No matter how established a language, there’s always more issues than there are people who can work on and review them. It’s not a great feeling when issues relevant to you are not as prioritized, but that doesn’t imply neglect. We got typed globals and
const fields in mutable types in 1.8, we got native code caching and an interactive thread pool in 1.9, we’re scheduled to get multithreaded GC in 1.10. It made sense these big things had priority.
We can mitigate this with more contributors and trusted reviewers, which I think could be taught or at least set some guidelines beyond “open an issue.” For example, despite how often I chime in on issues, I am not confident enough in my testing practices to do more than spotting problems, and I wouldn’t even know what a proper documentation edit would look like. It’s legitimately more intimidating because incorrect changes to the source material can cause more widespread problems than incorrect opinions on a discourse thread.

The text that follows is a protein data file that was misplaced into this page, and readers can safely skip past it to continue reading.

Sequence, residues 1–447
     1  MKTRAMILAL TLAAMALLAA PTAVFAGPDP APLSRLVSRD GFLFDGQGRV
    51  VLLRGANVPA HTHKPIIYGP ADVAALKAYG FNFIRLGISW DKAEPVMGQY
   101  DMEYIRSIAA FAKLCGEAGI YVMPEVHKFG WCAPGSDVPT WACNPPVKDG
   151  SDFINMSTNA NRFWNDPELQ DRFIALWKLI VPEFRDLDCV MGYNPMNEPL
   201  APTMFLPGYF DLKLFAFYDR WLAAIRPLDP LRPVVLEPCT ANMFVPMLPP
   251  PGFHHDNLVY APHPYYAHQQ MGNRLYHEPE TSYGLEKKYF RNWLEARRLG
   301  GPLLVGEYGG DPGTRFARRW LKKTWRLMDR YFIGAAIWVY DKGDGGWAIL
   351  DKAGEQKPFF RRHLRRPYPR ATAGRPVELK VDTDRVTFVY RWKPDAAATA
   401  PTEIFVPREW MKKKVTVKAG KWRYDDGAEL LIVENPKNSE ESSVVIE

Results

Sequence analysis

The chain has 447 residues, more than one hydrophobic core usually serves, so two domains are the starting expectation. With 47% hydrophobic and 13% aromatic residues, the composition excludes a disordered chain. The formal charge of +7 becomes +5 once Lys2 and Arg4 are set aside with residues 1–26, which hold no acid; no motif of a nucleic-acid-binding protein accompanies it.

That said, there’s never going to be enough people to cover all the issues. Look up a language of any note on Github, there are thousands of open issues, some over a decade old, and a good chunk of them are bugs and incorrect results. Always a struggle to get enough people to fix one small piece of the world, software isn’t any different.